Please note that you should never self-prescribe TCM ingredients. A TCM ingredient is almost never eaten on its own but as part of a formula containing several ingredients that act together. Please consult a professional TCM practitioner, they will be best able to guide you.
Preparation: Wash the rhizome of the ginger, scrape the outer peel with a knife and dry it under the sun
Dosage: 2 - 6 grams
Main actions according to TCM*: Promotes urination and reduces edema at its early onset. Disperses the Exterior.
Source date: 1107 AD
Number of ingredients: 5 herbs
Formula key actions: Reduces edema, diuretic. Regulates and strengthens Spleen Qi.
Sheng Jiang Pi is a king ingredient in Wu Pi Yin. Like the name indicates, it means it has more power than other ingredients in the formula.
In Traditional Chinese Medicine (TCM), Sheng Jiang Pi belongs to the 'Herbs that drain Dampness' category. These herbs are typically diuretics, meaning that they promotes the increased production of urine in order to remove Dampness that has accumulated in the body. According to TCM Dampness accumulates first in the lower limbs, causing edema and impaired movement. From there, if unchecked, it can move upward and impair digestion and eventually the respiratory system.
Furthermore Sheng Jiang Pi is Cool in nature. This means that Sheng Jiang Pi tends to help people who have too much 'Heat' in their body, although with less effect than a plant that would be Cold in nature. Balance between Yin and Yang is a key health concept in TCM. Those who have too much Heat in their body are said to either have a Yang Excess (because Yang is Hot in nature) or a Yin deficiency (Yin is Cold in Nature). Depending on your condition Sheng Jiang Pi can help restore a harmonious balance between Yin and Yang.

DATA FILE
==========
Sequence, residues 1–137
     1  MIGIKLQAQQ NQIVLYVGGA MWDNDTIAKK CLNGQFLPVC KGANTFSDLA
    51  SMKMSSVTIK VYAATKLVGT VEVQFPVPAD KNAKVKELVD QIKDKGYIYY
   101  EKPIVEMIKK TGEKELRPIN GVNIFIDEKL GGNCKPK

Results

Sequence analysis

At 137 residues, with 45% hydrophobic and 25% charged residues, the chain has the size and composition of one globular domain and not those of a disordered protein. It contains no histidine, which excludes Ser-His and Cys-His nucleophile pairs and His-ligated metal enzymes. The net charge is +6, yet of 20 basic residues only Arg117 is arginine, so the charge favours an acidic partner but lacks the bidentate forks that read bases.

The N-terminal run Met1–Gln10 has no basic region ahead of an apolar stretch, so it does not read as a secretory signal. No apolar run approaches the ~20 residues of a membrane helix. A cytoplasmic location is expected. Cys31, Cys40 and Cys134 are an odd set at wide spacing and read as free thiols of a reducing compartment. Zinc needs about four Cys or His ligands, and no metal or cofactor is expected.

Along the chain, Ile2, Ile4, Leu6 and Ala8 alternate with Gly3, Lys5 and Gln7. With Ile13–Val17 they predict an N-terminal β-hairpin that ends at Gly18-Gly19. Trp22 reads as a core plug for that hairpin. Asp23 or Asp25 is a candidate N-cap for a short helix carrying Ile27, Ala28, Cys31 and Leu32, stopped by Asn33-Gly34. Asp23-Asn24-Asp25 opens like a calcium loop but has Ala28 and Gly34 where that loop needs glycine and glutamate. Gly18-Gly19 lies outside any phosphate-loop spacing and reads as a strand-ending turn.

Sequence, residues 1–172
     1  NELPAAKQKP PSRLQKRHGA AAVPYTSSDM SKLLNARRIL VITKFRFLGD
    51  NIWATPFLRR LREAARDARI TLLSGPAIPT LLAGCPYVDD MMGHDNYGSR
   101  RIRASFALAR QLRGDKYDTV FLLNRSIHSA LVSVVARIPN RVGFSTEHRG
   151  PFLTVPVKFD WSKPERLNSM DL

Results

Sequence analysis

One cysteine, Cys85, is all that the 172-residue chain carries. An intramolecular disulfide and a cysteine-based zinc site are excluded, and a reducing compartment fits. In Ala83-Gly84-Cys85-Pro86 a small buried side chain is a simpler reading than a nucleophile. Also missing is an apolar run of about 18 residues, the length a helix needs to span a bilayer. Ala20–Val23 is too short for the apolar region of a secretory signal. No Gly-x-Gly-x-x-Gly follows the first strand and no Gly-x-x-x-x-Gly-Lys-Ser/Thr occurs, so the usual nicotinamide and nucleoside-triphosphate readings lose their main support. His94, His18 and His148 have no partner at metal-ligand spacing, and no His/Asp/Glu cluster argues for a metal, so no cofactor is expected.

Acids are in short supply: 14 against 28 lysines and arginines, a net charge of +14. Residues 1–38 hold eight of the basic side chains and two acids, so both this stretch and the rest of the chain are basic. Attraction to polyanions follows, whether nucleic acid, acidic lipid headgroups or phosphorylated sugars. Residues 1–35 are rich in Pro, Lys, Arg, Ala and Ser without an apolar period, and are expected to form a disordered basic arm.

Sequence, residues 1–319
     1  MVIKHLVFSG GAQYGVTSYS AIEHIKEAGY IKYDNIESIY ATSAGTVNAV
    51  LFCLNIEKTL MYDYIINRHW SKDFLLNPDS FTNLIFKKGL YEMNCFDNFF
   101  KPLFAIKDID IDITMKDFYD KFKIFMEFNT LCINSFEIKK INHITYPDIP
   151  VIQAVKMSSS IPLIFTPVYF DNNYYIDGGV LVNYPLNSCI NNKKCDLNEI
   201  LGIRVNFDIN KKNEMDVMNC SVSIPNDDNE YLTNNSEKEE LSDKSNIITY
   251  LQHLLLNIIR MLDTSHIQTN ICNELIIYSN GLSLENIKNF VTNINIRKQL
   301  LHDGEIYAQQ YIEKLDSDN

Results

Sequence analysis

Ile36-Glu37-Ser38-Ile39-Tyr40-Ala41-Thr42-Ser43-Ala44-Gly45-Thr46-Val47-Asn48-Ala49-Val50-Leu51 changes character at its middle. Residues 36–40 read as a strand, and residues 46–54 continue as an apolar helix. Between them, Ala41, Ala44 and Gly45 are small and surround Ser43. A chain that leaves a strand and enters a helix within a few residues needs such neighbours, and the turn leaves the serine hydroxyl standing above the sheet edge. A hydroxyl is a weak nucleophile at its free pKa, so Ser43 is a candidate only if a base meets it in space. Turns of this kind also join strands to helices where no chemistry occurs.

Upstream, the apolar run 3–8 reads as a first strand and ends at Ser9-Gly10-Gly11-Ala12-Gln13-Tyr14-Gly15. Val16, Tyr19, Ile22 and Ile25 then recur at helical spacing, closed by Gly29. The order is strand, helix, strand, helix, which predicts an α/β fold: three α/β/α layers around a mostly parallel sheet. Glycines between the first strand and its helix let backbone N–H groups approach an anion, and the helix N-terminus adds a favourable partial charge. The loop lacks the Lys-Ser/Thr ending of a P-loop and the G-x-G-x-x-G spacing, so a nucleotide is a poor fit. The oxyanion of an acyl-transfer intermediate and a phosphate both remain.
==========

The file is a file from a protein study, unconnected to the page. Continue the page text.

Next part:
Sheng Jiang Pi also tastes Pungent. The so-called 'Five Phases' theory in Chinese Medicine states that the taste of TCM ingredients is a key determinant of their action in the body. Pungent ingredients like Sheng Jiang Pi tends to promote the circulations of Qi and Body Fluids. That's why for instance someone tends to sweat a lot when they eat spicy/pungent food.
The tastes of ingredients in TCM also determine what Organs and Meridians they target. As such Sheng Jiang Pi is thought to target the Spleen and the Lung. In TCM the Spleen assists with digestion, Blood coagulation and Fluids metabolism in the body. In addition to performing respiration, the Lungs are thought in TCM to be a key part of the production chain for Qi and the Body Fluids that nourish the body.